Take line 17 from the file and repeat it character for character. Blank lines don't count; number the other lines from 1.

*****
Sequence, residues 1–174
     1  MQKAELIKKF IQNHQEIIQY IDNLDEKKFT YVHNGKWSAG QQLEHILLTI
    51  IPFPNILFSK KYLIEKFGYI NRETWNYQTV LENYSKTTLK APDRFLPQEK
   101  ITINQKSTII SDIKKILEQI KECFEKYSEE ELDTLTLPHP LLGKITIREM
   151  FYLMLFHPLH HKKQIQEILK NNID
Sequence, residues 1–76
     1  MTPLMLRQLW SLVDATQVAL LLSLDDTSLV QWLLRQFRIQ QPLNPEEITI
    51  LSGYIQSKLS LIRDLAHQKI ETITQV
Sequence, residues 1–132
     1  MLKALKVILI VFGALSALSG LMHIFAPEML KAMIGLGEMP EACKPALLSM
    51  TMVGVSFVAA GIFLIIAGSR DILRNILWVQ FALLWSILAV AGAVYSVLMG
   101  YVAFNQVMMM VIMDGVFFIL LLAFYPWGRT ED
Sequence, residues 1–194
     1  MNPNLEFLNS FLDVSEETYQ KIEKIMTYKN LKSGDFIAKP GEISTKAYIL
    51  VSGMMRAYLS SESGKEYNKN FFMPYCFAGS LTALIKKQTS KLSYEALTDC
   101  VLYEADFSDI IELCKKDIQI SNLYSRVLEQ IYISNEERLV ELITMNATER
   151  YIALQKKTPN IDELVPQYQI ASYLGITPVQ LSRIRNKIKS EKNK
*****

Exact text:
   151  YIALQKKTPN IDELVPQYQI ASYLGITPVQ LSRIRNKIKS EKNK